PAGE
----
It’s Blogger Book Fair week, and today I’m hosting fantasy author C.J. Brightley. Welcome, C.J.!
Tell us about your Erdemen Honor series.
The first book, The King’s Sword, was initially intended to be just a simple coming of age story, with Hakan, the prince, realizing that he must take the responsibility of the crown for the good of his country. The little twist I added was to tell the story through the voice of Kemen, the retired soldier who mentors Hakan. As I wrote, Kemen became more than a mentor; he was the true hero of the story, and he was much more interesting than I’d realized at first.
The second book, A Cold Wind, begins just as The King’s Sword ends, and introduces another point of view character, Riona. It’s a more internal book in some ways, but there’s also more grittiness too.
When did you realize this idea could fill a series?
Not until I finished writing The King’s Sword. I’d finished the first draft, intending it to be a standalone book. It does stand alone, but there was more depth to be explored in the world and in the characters themselves. I began writing A Cold Wind immediately after finishing the first draft of The King’s Sword.
I’m excited to see how the series develops. I’m working on the third book now, which I hope to publish in November. There’s a fourth in the works as well, set much later in history with all new characters.
What’s the first book’s opening line? Why did you start there?
I crossed his tracks not far from Stonehaven, and I followed them out of curiosity, nothing more.
Kemen is narrating, and this first paragraph is an important introduction to his character. A few lines later, he explains his fear that whoever left the footprints might be lost in the bitter cold, and his own intent to offer assistance if necessary. The whole story begins because Kemen can’t walk away if someone needs help, even a stranger.
What do you most enjoy about writing?
The characters. Even when a story is planned, the characters reveal aspects of themselves as I write. That process of discovery is a lot like the experience of reading a favorite book for the first time; something in it is familiar and loved, but it’s also new and exciting.
I also love hearing from readers! When readers let me know they’ve enjoyed my characters and my stories, it’s incredibly encouraging.
Please share a writing tip you’ve found helpful.
Write the stories that only you can write.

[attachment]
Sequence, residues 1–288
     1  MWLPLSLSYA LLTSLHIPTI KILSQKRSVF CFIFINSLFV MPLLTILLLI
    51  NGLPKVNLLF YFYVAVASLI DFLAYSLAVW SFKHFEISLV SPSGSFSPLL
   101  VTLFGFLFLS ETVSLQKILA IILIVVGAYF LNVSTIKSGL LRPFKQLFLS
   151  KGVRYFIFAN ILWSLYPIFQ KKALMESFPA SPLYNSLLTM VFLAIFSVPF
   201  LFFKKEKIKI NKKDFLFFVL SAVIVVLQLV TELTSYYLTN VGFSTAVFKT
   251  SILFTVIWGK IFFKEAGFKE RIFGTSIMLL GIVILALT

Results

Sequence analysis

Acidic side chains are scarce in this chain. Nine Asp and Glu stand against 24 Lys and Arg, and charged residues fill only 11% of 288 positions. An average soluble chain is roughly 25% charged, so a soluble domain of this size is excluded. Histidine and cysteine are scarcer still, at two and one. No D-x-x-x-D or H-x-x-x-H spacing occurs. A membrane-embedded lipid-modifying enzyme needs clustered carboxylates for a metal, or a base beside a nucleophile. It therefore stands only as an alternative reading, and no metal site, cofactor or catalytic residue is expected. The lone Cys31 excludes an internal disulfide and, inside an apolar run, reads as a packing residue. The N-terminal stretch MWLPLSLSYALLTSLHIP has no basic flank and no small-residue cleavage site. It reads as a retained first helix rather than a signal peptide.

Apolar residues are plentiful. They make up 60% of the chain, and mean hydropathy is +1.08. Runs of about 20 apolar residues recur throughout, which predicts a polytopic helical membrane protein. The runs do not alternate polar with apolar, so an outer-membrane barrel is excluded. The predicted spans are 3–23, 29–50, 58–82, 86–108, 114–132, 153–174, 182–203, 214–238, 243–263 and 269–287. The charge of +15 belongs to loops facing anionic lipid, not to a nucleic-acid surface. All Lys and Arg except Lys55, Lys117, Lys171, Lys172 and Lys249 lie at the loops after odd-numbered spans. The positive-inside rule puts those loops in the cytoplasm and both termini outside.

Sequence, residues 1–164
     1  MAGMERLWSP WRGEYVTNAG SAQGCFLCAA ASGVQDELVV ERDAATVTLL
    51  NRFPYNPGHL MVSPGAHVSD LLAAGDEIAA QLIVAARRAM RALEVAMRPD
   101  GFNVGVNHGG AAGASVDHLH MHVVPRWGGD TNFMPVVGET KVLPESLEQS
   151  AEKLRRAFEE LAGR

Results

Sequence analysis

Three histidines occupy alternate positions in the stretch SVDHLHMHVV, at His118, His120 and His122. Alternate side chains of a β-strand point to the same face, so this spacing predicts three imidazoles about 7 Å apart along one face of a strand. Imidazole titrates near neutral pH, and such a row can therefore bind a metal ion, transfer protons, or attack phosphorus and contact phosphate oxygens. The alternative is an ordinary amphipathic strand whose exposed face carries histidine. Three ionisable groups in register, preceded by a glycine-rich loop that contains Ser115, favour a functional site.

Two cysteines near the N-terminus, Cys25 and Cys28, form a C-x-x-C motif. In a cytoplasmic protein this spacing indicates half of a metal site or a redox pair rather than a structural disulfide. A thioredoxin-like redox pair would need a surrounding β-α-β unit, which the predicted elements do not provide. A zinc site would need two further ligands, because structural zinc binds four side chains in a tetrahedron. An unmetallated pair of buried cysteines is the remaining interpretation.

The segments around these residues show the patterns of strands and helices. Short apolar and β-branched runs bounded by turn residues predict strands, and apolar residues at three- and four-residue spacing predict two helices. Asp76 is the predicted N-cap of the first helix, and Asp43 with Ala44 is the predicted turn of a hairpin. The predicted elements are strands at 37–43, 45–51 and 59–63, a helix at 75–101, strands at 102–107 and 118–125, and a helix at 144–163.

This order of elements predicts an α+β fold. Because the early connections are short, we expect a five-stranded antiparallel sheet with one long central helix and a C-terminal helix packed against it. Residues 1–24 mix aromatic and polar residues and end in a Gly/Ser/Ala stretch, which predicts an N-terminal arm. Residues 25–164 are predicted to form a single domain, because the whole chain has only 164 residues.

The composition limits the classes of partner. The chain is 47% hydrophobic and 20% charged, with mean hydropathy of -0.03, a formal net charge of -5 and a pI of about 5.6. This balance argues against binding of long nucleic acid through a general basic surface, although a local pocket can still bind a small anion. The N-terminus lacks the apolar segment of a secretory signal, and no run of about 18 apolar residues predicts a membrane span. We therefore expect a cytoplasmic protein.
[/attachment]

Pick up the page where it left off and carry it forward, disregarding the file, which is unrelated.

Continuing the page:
It’s tempting to try to polish and edit a story into perfection. It’s also easy to define perfection as something that a certain agent, editor, or publisher will want. But there are no perfect stories – every reading experience is unique. No story, no matter how beautiful or profound, will please everyone.
I hope to continue growing and learning as a writer, and so I’ll always look back on something I wrote years ago and think of ways to improve it. Critiques, workshops, beta readers, and your own internal editor can wreck havoc on your writing voice. Always try to improve your craft. But don’t think that you’ll ever reach perfection, and don’t polish any one story until you hate it. Finish it, and move on.
Don’t try so hard to write a story that everyone will love that you lose your voice. Write what you love, and keep learning how to tell your stories better.
What do you enjoy about the fantasy genre? What types of fantasy appeal to you?
I love characters more than interesting thought problems. Characters reveal themselves through the choices they make, and fantasy allows characters to experience all kinds of dramatic situations where they are forced to make interesting choices. I especially love heroes and heroism, both in crises and in small, daily choices. I like being able to root for the good guys, but complexity makes things interesting. Choices need to have consequences, but I like happy endings, or at least redemptive endings.
I also read a lot of historical fiction and international fiction. In fantasy, I’m drawn to some of the same things – that scared-excited feeling in a new place or culture before you get your feet under you.
What’s your professional background? How does it influence your writing?
I have a master’s degree in international affairs with a focus in national security, and I worked for a government contractor for several years in nuclear counterterrorism and intelligence positions. I’m interested in other cultures and how people with different perspectives and cultural backgrounds can look at the same information and see it differently. I’m also interested in the choices that leaders make when put under pressure.
I do some consulting now but I’m not working full-time. Living outside of Washington, D.C., I can’t help but be aware of politics. But I don’t have any desire to write a political thriller. I focus more on international politics and security issues than domestic political infighting. I care about the issues, but writing about them would stress me out!